Latency  (yet again)


So, is there a way of objectively measuring latency and determining what Asio latency to use?

At the moment, I do it all by ear, and that’s something that I have to adjust depending on the VSTi.

But, there has to be a way of doing it objectively, isn’t there?

And this refers to the video card latency adjusters mentioned in another thread too. I would like to determine accurately, what effect adjusting other non sound card latencies has on my audio performance.

And keep the answers simple, computers are not my area of expertise. :D


Anyway Jeff, here’s what PCI Latency tool is telling me:

PCI bridge: 64
Multimedia audio controller: 32
Midi/gameport: 32 (I use that for my MIDI keyboard/controller)
Firewire (which I don’t use): 32
Ethernet (which I don’t use): 32
ATI Radeon card: It was 256, but following your suggestion, I’ve changed it to 96.

All other devices listed have latencies of 0.


Im not sure about the thread you mention, but be aware that any tweaking you make to the Graphic Card can affect your soundcard and other pci peripherals if they share the same type of bus. An example is that reducing the “Graphics acceleration” many times helps to reduces problems with soundcards performance. Is not a main rule, but is true in my case.
BTW, why are you using this PCI Latency tool instead of the ASIO control Panel or WDM setting window?


“On location last weekend…”

Starting last post on page 3.

And continuing sporadically till the end of page 7 (whereupon Jeff gave me a telling off! :D)


ok, continue tweaking… :)

Hi Heres a link to an interesting article on really measuring latency by recording the MIDI control signal and comparing it with the generated sound.


I set my Matrox=16 and everything else=8 and the system runs superb. ASIO at 48 samples no problem. However, CPU increases dramatically when ASIO is this low (and this is not because PCI latency is set so low).

Basically the PCI latency timer determines how long a device on the bus will hog it before it lets another device take a turn hogging it. For audio, it’s best to use very small time slices. Your video card won’t have stellar benchmark test scores anymore, but your audio is likely to perform much better. If you aren’t playing 3D games, it should work great. If you are doing gaming, get a latency config software that lets you store profiles.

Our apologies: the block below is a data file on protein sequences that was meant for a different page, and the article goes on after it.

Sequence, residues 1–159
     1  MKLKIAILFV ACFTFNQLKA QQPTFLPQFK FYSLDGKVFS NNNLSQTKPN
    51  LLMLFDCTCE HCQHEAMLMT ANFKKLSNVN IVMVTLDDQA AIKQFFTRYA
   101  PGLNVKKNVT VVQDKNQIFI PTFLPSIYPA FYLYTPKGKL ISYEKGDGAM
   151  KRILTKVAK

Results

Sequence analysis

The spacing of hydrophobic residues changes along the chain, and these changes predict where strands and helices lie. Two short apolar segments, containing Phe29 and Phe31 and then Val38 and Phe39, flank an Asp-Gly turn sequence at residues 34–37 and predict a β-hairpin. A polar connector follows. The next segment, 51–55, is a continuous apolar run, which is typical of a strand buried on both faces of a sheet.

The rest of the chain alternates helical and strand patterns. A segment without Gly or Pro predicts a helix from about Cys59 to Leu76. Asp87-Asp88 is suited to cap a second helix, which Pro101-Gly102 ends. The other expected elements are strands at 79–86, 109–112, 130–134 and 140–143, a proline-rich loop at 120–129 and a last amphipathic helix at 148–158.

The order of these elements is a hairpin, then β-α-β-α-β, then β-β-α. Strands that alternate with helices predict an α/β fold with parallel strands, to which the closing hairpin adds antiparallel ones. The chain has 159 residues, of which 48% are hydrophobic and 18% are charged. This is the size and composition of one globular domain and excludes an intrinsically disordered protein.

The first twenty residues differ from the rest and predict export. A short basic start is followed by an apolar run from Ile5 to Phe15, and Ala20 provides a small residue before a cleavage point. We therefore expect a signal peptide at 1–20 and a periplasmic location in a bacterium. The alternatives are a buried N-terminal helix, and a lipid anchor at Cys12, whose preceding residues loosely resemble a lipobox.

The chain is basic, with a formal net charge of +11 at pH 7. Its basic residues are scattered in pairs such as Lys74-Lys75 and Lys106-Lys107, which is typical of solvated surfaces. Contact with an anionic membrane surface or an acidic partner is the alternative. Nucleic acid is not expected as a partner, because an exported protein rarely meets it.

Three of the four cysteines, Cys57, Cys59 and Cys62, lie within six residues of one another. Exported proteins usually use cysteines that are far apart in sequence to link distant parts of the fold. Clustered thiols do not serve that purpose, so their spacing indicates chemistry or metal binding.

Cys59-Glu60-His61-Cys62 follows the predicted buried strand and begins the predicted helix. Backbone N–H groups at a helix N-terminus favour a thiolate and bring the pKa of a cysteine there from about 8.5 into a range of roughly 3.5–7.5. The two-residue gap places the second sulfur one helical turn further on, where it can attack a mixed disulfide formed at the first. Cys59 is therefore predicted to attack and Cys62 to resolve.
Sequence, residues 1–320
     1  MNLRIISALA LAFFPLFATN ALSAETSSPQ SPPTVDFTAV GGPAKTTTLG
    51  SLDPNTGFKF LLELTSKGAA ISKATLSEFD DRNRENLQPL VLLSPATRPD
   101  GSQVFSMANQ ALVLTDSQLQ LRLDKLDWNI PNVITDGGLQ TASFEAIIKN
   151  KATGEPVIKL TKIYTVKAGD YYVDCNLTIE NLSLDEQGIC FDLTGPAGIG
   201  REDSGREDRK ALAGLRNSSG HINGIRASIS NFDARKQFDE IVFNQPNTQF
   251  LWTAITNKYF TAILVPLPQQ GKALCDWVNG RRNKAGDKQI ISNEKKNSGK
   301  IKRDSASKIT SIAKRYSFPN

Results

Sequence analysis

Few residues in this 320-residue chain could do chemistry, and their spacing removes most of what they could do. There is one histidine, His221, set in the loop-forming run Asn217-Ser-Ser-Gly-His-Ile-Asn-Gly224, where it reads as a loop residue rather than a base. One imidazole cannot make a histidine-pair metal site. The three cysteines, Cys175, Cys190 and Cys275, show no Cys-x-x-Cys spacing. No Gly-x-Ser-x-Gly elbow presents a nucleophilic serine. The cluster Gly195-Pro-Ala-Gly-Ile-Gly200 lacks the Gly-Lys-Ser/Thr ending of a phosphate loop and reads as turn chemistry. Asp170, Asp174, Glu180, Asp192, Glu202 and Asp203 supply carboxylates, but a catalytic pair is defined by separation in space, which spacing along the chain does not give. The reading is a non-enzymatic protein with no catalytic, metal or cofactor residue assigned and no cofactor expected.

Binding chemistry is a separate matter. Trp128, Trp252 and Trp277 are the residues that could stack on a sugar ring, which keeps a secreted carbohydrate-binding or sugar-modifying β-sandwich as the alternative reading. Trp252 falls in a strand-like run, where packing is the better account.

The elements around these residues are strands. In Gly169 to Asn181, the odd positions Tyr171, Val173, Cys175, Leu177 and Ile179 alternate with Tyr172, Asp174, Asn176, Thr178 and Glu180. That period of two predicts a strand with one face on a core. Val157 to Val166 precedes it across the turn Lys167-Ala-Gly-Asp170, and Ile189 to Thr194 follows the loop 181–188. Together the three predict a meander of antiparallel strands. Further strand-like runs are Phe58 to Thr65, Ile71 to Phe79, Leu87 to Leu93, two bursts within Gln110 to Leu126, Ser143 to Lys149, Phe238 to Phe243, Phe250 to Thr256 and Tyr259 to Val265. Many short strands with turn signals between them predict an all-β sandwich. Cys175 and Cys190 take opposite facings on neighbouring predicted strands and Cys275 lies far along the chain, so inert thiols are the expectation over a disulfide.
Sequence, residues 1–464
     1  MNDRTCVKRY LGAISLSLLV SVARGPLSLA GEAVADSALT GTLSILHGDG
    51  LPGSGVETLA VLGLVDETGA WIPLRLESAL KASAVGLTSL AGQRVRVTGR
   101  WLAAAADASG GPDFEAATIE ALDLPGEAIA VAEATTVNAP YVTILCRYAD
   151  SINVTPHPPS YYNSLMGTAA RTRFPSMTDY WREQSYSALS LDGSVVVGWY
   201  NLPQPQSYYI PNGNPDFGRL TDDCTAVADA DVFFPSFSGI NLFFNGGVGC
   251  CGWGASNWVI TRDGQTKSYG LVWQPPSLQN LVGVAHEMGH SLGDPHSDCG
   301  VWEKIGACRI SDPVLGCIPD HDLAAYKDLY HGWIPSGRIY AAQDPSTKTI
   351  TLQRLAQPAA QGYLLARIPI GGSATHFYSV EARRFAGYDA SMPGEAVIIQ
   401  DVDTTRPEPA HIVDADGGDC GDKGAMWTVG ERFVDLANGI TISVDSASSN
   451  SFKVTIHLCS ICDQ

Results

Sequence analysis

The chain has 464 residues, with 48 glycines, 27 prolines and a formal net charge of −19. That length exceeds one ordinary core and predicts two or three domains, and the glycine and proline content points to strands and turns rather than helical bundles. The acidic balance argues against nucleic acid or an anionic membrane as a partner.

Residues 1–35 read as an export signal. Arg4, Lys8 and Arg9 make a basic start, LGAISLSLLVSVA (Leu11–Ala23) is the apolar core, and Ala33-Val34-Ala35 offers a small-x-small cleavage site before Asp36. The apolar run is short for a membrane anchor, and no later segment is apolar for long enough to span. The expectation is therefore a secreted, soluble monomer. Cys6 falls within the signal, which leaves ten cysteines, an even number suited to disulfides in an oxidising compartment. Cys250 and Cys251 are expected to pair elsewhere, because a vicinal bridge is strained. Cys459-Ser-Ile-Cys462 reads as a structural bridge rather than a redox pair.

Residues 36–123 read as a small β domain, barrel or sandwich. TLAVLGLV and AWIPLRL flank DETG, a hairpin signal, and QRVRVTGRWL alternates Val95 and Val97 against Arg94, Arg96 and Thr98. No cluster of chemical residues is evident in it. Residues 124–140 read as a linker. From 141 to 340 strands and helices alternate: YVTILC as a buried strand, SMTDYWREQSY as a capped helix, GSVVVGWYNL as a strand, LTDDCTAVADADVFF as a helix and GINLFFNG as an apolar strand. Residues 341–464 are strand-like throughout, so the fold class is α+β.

As for ASIO buffer sizes, general rule of thumb: run ASIO small as possible when doing VSTi work (and use as few tracks and FX’s possible). Run ASIO large as possible (or even better, use MME) for doing mix work.

Of course YMMV, JMO, etc…

So Sekim, do you recommend I turn the graphics card latency down as far as it will go?

I don’t use the PC for games, (well, apart from Hearts and Solitaire once in a while :D), so I want it to be as good for audio as it can be, and to h e ll with everything else.


Every system is a bit different, but I’d try video=32, everything else=16 and see if that works out. If so, try video=16 everything else=8.

OK, did that, and nothing has crashed so far! :D

I’ll log off and try playing my soft synths and generally bugger around with stuff and see how it goes for a day or so.

Thanks Sekim. :)


PS, thanks Nick, interesting link, I’m studying it now. :)

Try your video card at 64 and don’t worry about the rest.

Only the biggest number in the list matters. Currently that’s 96. If you set it to 64, then there’ll be two at that value, and you’d have to reduce both to get an improvement. I don’t know the facts about how to calculate audio latency in milliseconds from PCI latency in cycles (or whatever these units are), but I’ve heard folks report excellent results using 64.

To measure millisecond-level times in n-Track’s timeline, right click on one of the timeline bars (where the times are displayed) and set the time format to “Custom” and enter 1000 in the box (I think it’s called “frames per second”). This will cause N to display the time in this format:

where “xx” is the time in milliseconds. But note carefully: when the milliseconds is less than 100, it only displays two digits. So just remember that 1:01.22 comes before 1:01.202 (180 milliseconds before). So it’s not like reading decimal fractions. (That trips me up now and then.)

To measure total latency for MIDI & softsynth, put a mike by your keyboard – miking the key you’re going to whack. Set up in LIVE mode, playing the softsynth through the monitors. Use a percussive sound in the softsynth – anything with a good sharp attack. Put the monitors close to the mike, or else remember about 1 msec per foot (closer to 0.883 msec, really – but I use a msec as a rule of thumb). Set the volume high enough to hear clearly but low enough to hear the key being whacked.

Start recording, and whack a key.